Vulture

Skip to content, or skip to search.

interview

NY1’s Pat Kiernan on His Role in The Amazing Spider-Man 2 and Blowing That Sopranos Audition

Although the Daily Bugle is Peter Parker’s main journalistic crush, in The Amazing Spider-Man 2 it appears that most New Yorkers are glued to NY1. And actual beloved anchorman Pat Kiernan appears quite a few times to announce some moment of great destruction or another. It isn’t the first time Kiernan has appeared in a movie to warn New Yorkers of danger: He’s also in Iron Man 2 and The Avengers. The NY1 faithful should rest assured that when the time comes to announce the end of the world, Kiernan will be prepared. We spoke with him about what it’s like to report fake movie news, his adventures boldly crossing Marvel universes, and what happened that one time when he blew an audition for The Sopranos.

You are in a good amount of this movie!
I haven’t seen it yet, but everybody tells me that they are surprised about how much ended up in the final cut. We do this often enough that the producers tend to ask us for more than they end up using.

It’s really more than you’d expect.
Terrific!

Apparently, NY1 is the channel everyone’s tuning to in the movies!
[Laughs.] It’s good. I remember I did a scene, a fairly long scene, for The Avengers. I went to the premiere and I’m waiting the whole movie for my line. Finally, in maybe the final two minutes, there’s a montage of several television reporters, and you kind of see me blurry in one corner of the montage and hear my voice for three seconds. I was like: “That’s it?!” It’s the opposite in Spider-Man 2, I guess?

Totally. It’s a very New York film. There are a ton of landmarks.
I feel like that’s a little bit of the attraction where you have writers and producers that know the city, it’s kind of fun for them to write NY1 in in that same sort of “wink-wink, this is ours’” kind of way. It’s not as overt as having a generic ABC or CBS station. It’s more believable than when they make up some call letters for a Channel 8 news. I often think, when these things come up, where even on the production teams where people come from all over, there must be one or two advocates that are very pro–New Yorkers.

Peter Parker does work for the media.
That’s gotta be the next evolution, really. I’m holding up his newspaper article!

I think he should work for NY1, because honestly I don’t think the Daily Bugle is paying him that well.
[Laughs.]

Over here we also noticed that you, as Pat Kiernan, are the only “character” to cross over the Marvel universes.
I didn’t wanna give it away but I did an interview with a guy from MTV.com and he pointed out the same thing. He said, “Do you understand the significance of this in the comic book world, that you are the only link between these two universes?”

It’s huge. I don’t know how you’re this transcendent superhero that gets to be in both worlds.
I anchor it. I give it some sense of realism. I think that’s what NY1 lends to these things, is just that little bit of authenticity. And we don’t agree to do everything that comes our way, because we want it to be … It’s hard to explain. If the things that were happening in the movie were really happening, we want NY1 to be portrayed in the way that we think we might react to that series of events.

What’s the process like?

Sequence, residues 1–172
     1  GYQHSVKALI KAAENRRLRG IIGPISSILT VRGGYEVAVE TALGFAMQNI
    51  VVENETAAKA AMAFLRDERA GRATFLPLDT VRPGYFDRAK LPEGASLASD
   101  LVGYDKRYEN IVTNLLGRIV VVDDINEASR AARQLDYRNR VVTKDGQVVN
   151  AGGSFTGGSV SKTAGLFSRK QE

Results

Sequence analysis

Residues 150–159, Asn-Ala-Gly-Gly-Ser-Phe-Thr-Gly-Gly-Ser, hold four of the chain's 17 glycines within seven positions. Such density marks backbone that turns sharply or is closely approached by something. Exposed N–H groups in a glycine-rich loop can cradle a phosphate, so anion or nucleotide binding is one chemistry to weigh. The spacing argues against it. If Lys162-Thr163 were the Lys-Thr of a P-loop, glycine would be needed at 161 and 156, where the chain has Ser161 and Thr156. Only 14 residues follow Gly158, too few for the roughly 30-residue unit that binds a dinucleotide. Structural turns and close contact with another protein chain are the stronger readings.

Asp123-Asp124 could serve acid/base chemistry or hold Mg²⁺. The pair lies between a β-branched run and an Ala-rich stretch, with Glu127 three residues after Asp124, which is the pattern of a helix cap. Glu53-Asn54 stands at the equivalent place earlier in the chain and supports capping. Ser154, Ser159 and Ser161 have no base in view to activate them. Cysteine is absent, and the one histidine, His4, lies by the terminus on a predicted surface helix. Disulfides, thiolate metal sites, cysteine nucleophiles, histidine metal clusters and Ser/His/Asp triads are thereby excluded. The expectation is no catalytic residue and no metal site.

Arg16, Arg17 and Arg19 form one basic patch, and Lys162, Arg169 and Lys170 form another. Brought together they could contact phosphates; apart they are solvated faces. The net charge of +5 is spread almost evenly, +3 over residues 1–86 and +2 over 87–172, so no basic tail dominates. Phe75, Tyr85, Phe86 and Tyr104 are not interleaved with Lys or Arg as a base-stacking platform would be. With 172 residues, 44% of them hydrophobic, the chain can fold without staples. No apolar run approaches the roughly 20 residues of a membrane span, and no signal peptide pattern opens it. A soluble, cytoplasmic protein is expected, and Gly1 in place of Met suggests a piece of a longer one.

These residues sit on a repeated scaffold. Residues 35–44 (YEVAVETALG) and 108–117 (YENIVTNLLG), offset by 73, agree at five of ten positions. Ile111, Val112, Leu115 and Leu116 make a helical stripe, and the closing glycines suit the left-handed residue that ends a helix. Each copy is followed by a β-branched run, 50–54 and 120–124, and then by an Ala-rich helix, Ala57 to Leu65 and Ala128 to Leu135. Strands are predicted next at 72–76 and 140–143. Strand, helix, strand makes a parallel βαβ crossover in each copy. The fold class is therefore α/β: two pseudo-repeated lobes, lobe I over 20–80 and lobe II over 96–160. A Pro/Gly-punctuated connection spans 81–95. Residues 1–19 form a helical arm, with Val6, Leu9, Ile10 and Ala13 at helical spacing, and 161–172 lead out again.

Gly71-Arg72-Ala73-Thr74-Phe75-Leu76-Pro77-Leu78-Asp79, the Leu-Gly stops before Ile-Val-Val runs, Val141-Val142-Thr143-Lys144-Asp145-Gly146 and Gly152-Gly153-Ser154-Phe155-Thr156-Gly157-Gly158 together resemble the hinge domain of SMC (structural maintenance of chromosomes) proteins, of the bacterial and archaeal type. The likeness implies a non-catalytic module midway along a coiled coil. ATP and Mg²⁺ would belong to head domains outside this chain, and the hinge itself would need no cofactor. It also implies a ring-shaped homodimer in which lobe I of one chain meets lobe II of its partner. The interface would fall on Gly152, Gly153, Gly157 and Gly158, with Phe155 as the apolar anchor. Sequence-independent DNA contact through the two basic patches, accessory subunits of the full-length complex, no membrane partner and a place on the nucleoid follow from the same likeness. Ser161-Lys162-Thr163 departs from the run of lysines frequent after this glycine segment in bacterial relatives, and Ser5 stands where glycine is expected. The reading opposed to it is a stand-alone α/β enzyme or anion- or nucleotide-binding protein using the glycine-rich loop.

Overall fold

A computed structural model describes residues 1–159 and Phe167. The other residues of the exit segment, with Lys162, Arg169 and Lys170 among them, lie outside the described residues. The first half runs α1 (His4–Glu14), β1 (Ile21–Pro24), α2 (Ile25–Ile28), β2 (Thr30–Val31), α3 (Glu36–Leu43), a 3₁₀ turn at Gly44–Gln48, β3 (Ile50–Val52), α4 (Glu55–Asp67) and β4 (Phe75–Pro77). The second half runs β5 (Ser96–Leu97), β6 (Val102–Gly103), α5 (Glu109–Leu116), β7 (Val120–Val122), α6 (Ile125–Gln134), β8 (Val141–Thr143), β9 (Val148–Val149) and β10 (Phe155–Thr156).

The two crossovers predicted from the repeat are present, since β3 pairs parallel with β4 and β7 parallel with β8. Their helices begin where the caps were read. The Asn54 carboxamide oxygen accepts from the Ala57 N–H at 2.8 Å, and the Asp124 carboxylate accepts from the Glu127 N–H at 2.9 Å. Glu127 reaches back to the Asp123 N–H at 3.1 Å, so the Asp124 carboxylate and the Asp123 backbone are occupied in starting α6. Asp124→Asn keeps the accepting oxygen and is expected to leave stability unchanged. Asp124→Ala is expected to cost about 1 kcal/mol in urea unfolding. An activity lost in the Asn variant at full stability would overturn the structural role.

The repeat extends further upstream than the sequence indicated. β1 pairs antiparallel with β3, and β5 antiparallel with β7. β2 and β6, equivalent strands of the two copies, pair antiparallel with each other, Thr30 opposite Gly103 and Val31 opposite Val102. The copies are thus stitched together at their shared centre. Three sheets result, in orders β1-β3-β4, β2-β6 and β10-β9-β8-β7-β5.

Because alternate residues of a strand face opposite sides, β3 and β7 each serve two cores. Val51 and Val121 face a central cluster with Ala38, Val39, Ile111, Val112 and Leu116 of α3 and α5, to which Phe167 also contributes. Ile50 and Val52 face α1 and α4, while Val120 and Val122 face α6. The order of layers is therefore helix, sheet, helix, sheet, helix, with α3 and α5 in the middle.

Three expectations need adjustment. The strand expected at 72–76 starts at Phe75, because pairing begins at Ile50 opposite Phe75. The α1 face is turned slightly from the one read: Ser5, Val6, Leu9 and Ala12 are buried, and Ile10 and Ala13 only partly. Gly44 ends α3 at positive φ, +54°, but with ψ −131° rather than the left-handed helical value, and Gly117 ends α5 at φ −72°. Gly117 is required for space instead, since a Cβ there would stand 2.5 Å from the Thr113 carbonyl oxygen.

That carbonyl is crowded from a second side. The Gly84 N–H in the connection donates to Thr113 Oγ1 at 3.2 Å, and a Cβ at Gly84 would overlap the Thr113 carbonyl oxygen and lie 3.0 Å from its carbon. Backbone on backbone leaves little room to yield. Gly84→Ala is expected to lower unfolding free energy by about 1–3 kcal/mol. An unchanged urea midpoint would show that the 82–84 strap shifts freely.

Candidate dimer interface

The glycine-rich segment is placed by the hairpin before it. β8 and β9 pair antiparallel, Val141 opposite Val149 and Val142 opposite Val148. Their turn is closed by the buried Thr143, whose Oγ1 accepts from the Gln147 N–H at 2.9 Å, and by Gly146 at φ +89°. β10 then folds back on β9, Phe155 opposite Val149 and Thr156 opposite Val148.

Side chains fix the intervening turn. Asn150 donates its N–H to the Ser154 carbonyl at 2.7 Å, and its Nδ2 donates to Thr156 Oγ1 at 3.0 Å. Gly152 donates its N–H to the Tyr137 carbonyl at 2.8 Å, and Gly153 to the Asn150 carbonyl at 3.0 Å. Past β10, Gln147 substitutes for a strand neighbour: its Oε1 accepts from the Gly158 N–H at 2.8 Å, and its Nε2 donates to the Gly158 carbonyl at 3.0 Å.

Generally, the writers send our people both the entire script and the script for the scene in question. NY1 evaluates it to make sure that it’s not something that’ll discredit the brand, and if they’re okay with the script, then they’ll present it to me and if I’m into it, I’ll either read it as they’ve written it or I’ll go back to them with follow-up questions or suggested changes. They send us a script, we put it in the TelePrompTer, I try to take a little extra care with my hair and makeup that morning, and when we’re in a break, I sit down and read the story to the camera. Then we just send them a hard drive of the video clip.

So basically you’ll be reporting on real New York news and then suddenly you’re like “and Spider-Man … ”
Yeah. I’ve sent reply-all emails to the newsroom before saying, “Please don’t be alarmed if you hear me talking about the end of the world. It’s not actually happening.”

That’s very scary!
Oh yeah, when you take it out of context, you could make a very frightening NY1 newscast out of all my appearances.

This is the beginning of a whole new world for you.
Yeah, I made the decision years ago that the only character I play is Pat Kiernan, and I’m very comfortable with that decision. It was after I had a bad casting experience: A casting director was trying to find someone to play an interviewer, a talk-show host, and so they reached out both to the acting community and some people at TV stations and agents who represent TV people. I was asked to come read in front of the producer and director for this new TV series. It was one of these cattle-call kind of auditions where you go sit in a room and sign in with the actors and they don’t know who you are from the next guy. You go in for two minutes and then they’re like, “Next!” I did my exact usual thing, which they could’ve seen on TV in the morning, and at the end they go, “Yeah, could you be more like Larry King?” I was like, “No. I’m not Larry King and you should’ve known that before I trekked down to Astoria to read for you.”

Why didn’t they just ask Larry King?
Well, in some ways I felt bad about that because that was for a new HBO show called The Sopranos.

What could’ve been!
I have no real regrets about it because the "Pat Kiernan as himself" thing has worked out pretty well.

Photo: Rob Kim/Getty Images